GW:  Interesting. That makes sense. So you would be interested in developing some kind of programme or some way to get people who are making films and making those director decisions to prioritise historical accuracy.

PL:  Yes. Well, not even necessarily historical accuracy as such, but they fall back into patterns. You get this thing of actors can do a certain amount, but they’re not swordsmen, usually. And so they’re choreographing fight scenes and things like this. But you tend to choreograph a lot like stage combat is done, because that’s what a lot of fight directors know. There are some really, really cool historical moves that could really be integrated so easily into film stuff that would look so cool, like Fiore has some stuff that I love. Disarming movies and things like that, that get around this cliche of people hammering away at each other using the swords like axes. Without the finesse that we know that they’re capable of.

GW:  Right, and without the finesse that a sword needs, because if you use it without the finesse, you just break the sword. Which we do see.

PL:  The comparison I make is it’s like if you or I were given a Formula One car to drive, we would destroy it in minutes. One bad gear change and you blow the engine. It’s that sort of thing that if you abuse a sword, it’ll break. A sword that’s made to be used as a sword rather than for breaking breeze blocks and things like that. If it’s made to actually be used as a fighting weapon is not made to take that sort of abuse.

GW:  Ridley Scott, since Gladiator I don’t think he’s done anything good, but his horrible Robin Hood movie. There’s this scene in it where I think it is the Russell Crowe Robin-Hood-character-person who uses his sword to lever up a flagstone because there’s something hidden underneath, right? And it’s like, you get this close up of this sword basically being used like a crowbar. It’s like, aaaargh!

PL: Not what they’re good for.

GW: No, really not. Either the sword is well made and you damage or less well made and you break it. And one thing’s for sure is no one who ever actually uses swords would ever do that with a sword, it’s just not what they’re for.

PL:  Or if it’s made to be used as a crowbar, then it’s too heavy,

GW:  Then it’s a useless sword. That was very painful.

PL:  Yes. But you know, so few people actually appreciate any of the nuances that go with that, of course. To them, for what they’ve seen on screen, it’s often that swords are crowbars.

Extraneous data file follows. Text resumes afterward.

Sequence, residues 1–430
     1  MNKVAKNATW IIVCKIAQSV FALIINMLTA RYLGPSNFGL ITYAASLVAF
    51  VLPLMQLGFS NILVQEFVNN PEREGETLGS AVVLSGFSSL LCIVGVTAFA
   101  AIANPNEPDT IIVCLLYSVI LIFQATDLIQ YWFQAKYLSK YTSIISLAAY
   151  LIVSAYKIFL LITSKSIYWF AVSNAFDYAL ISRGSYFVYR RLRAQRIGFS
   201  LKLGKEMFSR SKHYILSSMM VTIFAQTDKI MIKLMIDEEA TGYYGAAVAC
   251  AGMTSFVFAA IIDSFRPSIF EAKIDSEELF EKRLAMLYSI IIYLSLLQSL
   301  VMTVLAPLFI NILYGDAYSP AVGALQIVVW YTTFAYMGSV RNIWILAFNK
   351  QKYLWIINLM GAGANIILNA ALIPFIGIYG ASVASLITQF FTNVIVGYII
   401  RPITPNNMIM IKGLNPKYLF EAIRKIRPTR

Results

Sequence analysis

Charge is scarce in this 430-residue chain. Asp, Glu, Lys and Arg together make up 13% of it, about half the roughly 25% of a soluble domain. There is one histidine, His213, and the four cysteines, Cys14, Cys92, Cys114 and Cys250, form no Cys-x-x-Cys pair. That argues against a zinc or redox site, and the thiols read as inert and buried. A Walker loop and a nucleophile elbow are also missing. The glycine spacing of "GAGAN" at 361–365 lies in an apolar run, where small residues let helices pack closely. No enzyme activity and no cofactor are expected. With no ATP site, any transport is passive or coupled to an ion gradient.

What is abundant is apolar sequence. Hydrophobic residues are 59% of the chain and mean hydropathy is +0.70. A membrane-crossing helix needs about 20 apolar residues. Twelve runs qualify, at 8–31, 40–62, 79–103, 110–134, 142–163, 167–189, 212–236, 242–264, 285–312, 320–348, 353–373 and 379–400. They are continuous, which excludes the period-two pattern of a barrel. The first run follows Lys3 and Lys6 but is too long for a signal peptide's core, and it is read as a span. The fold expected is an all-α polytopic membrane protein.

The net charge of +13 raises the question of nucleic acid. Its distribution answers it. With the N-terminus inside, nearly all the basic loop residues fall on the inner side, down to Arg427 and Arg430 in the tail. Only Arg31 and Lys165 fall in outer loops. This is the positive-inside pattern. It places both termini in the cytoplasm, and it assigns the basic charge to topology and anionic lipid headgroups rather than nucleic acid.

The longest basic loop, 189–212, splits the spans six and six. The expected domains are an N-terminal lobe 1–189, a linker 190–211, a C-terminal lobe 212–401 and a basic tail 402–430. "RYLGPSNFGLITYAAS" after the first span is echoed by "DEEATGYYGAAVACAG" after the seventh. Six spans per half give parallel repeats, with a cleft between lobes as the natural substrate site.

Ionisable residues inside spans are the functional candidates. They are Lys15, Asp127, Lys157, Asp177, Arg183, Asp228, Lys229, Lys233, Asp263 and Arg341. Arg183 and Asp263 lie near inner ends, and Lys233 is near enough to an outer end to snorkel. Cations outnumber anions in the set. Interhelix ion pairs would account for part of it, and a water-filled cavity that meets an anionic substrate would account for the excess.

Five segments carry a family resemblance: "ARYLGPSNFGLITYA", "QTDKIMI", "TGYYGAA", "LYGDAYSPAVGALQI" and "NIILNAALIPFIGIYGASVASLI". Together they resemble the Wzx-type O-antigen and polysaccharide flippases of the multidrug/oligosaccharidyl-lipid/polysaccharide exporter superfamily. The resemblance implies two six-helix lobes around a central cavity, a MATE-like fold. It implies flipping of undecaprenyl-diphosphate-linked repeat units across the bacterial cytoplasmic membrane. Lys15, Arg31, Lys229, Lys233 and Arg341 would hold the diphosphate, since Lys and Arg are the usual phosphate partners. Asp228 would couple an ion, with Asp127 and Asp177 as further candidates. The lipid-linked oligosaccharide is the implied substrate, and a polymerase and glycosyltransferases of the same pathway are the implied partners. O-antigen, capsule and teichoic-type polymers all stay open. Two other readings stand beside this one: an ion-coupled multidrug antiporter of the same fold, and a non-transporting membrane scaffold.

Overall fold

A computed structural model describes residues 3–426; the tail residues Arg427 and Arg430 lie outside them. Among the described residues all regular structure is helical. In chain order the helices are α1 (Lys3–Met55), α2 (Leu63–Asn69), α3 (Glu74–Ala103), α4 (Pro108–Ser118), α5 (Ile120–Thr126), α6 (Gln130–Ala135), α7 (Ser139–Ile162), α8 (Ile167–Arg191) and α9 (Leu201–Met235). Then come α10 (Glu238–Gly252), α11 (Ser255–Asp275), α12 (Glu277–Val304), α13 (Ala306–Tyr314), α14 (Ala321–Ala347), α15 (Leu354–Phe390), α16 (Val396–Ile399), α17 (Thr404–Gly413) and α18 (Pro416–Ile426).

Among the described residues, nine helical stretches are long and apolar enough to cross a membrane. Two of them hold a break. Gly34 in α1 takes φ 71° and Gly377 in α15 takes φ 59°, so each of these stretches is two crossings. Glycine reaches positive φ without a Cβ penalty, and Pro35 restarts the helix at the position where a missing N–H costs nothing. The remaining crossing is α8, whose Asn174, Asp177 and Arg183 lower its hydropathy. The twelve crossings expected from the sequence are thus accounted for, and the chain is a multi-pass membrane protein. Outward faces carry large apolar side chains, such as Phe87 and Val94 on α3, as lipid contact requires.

GW:  Right. But sensibilities can be changed. We’ve seen it.

PL: It takes a lot of work.

GW:  Or it takes one really popular franchise to emphasise it and make it a selling point.

PL:  Yeah. You also have the problem that when you consider the whole scale and scope of making a film project, things like one guy putting his hand up and say, hey, you’re doing the sword things wrong, the director will say, oh, who the fuck was that? All right. They don’t work for us anymore.

GW:  Right? Yeah, because they’re just being annoying. But like, OK, think of the Marvel Universe. It has all these internal rules about what these particular superheroes can and can’t do. I’m not a superhero movie sort of person terribly much. I mean, I don’t object to them, but I don’t tend to watch them terribly much. But just imagine if you just decided that actually Superman is not vulnerable to kryptonite anymore. Doesn’t do anything to him. There would be just outrage. Kryptonite is supposed to hurt Superman. And, you know, whenever a director breaks canon on anything that is built into the universe, the fans get very cross.

PL: They scream.

GW: Right, exactly. So it’s just a question of educating the fans to expect that as canon. And once you’ve got that, then you have this enormous external pressure to get things right in the movie.

PL:  Yeah. So if anything, over the last 50 years, we’ve seen the exact opposite. You’ve trained the audience to think that a sword is used like a sledgehammer.

GW:  Yeah, true. But we also trained the audience to expect heroes to smoke.

PL:  Yeah. Because then you do have the exceptions. Like again, one of my favourite films is The Duellists.

GW:  Yeah, fantastic film.

PL:  Again, also Ridley Scott.

GW:  Yeah, exactly. Before he won Oscars and got famous, yeah.

PL:  Yeah, one of Ridley Scott’s lovely gems of a film before he got big budgets and decided to use them appropriately, but like the sword work in that is lovely. And it’s also different swords used with more or less appropriate techniques. And then you get to things like Robin Hood and now The Last Duel. Have you seen that?

GW:  No, I’m not going to. There are just too many things wrong with it.

PL:  I’ve got to admit. Okay, I’ll say this now. The shorts for it had me fuming. The film is a lot better than the shorts. The shorts looked like they were put together by somebody who hated the film and wanted people to not go and see it. But it’s actually historic. It’s got a lot of good historical stuff in it. The sword work is not that flash. It is, again, two armoured guys wailing away at each other in the final fight. But a lot of the other stuff in there about the medieval law and social norms and all this other stuff is actually really good. It’s almost not the film that you see in the shorts.